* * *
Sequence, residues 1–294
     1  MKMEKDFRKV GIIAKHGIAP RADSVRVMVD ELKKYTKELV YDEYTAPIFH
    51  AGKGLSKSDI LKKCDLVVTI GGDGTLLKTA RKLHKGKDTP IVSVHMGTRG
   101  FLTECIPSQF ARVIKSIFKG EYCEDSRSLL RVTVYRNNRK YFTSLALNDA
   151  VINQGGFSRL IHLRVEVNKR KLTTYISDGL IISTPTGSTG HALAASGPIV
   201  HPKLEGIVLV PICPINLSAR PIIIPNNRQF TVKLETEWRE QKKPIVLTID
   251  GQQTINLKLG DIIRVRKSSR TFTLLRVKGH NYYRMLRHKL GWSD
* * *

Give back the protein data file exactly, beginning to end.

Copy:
Sequence, residues 1–294
     1  MKMEKDFRKV GIIAKHGIAP RADSVRVMVD ELKKYTKELV YDEYTAPIFH
    51  AGKGLSKSDI LKKCDLVVTI GGDGTLLKTA RKLHKGKDTP IVSVHMGTRG
   101  FLTECIPSQF ARVIKSIFKG EYCEDSRSLL RVTVYRNNRK YFTSLALNDA
   151  VINQGGFSRL IHLRVEVNKR KLTTYISDGL IISTPTGSTG HALAASGPIV
   201  HPKLEGIVLV PICPINLSAR PIIIPNNRQF TVKLETEWRE QKKPIVLTID
   251  GQQTINLKLG DIIRVRKSSR TFTLLRVKGH NYYRMLRHKL GWSD